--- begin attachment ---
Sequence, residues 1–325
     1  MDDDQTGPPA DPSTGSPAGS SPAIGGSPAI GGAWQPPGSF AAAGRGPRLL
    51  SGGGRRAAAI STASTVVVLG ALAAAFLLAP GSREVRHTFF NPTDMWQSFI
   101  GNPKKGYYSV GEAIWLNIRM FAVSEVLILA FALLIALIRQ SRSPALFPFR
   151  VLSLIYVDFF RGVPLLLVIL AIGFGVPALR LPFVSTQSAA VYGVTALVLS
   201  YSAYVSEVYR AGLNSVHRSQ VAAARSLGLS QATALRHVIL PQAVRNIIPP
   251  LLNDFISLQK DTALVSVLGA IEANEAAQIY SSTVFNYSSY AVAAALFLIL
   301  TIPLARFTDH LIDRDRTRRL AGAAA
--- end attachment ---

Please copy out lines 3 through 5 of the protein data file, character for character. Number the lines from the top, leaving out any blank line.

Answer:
    51  SGGGRRAAAI STASTVVVLG ALAAAFLLAP GSREVRHTFF NPTDMWQSFI
   101  GNPKKGYYSV GEAIWLNIRM FAVSEVLILA FALLIALIRQ SRSPALFPFR
   151  VLSLIYVDFF RGVPLLLVIL AIGFGVPALR LPFVSTQSAA VYGVTALVLS